DETROIT (Reuters) - U.S. auto industry bankruptcies would have a devastating impact on the domestic economy, many times larger than the aid automakers seek, General Motors Corp (GM.N) Chief Executive Rick Wagoner said on Sunday.
“This is an issue of the whole auto industry, if that becomes under severe pressure, the impact on the whole U.S. economy will be devastating,” Wagoner said in an appearance on a NBC-affiliated television station in Detroit.
Wagoner, the chief executives of Ford Motor Co (F.N) and Chrysler CBS.UL, and United Auto Workers union President Ron Gettelfinger are expected to testify to U.S. congressional committees this week in support of aid to the auto industry.
Democrats have moved to direct $25 billion of loans to the Detroit-based automakers, who have argued that they need the liquidity to survive the industry downturn in which U.S. auto sales have plunged to the lowest levels in a quarter century.
However, an auto industry bailout has hit stiff opposition from Republican senators and representatives who question whether the automakers would be viable even with the support.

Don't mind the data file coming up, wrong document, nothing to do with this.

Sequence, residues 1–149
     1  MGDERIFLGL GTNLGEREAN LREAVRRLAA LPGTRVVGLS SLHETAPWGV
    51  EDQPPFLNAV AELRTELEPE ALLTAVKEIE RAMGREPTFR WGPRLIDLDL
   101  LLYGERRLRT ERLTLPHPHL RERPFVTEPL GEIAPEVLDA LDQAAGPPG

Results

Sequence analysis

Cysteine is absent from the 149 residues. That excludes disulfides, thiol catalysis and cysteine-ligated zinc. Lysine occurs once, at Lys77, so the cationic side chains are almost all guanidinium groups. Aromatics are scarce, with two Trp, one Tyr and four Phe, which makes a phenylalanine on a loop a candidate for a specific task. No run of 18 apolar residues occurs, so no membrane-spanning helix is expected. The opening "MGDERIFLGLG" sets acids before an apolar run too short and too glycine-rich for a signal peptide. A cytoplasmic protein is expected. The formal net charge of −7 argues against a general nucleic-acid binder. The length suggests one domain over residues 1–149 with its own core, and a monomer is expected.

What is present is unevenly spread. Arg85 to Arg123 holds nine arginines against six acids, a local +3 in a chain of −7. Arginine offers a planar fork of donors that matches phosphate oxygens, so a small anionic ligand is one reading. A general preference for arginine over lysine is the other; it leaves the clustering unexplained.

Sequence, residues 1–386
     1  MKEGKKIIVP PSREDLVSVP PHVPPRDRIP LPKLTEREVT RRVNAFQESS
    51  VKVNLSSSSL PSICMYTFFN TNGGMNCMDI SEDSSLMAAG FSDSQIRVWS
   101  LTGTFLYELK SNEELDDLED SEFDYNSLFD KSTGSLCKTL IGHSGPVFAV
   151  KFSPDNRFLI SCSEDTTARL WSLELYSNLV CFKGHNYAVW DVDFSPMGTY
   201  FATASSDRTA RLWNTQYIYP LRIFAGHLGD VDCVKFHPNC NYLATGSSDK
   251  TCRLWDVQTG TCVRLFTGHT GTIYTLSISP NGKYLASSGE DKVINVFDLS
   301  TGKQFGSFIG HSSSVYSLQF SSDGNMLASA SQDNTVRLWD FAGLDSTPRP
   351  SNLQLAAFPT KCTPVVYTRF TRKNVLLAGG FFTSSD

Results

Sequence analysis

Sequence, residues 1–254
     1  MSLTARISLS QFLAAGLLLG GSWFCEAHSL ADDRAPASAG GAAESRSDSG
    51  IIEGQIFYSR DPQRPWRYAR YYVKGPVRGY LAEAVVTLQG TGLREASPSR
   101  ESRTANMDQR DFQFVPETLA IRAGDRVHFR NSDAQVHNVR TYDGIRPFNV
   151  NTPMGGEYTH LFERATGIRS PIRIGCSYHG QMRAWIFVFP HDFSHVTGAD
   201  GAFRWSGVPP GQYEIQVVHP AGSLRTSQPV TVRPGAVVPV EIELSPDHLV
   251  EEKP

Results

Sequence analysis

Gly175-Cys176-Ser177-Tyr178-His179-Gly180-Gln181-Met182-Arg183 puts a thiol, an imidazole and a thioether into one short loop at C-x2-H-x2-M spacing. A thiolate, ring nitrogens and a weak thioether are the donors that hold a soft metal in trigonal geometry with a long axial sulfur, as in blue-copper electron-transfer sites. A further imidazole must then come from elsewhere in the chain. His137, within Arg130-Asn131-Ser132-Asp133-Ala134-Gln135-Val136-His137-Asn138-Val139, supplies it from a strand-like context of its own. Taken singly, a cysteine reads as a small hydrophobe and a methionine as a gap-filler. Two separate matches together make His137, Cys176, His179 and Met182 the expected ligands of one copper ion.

The White House also has warned pushing a bailout using the $700 billion financial rescue fund already approved could lead to partisan gridlock and has suggested loosening restrictions on $25 billion of low-interest loans already approved for investments in fuel efficiency improvements.
Wagoner said GM’s financial needs stem directly from the Wall Street financial crisis, and the aid automakers seek should not be looked at in terms of “federalizing a business.”
“The financial system is failing to supply the credit that is necessary for small businesses, big businesses, any businesses to operate on a daily basis,” Wagoner said.
The path out of bankruptcy would not be simple, he said.
“This idea that you just go into Chapter 11 and hang around for three months and agree to reduce your debt obligations and don’t pay your retirees, this is a fantasy,” Wagoner said. “Most people will stop buying the cars of a bankrupt company.”
Reporting by David Bailey; Editing by Tim Dobbyn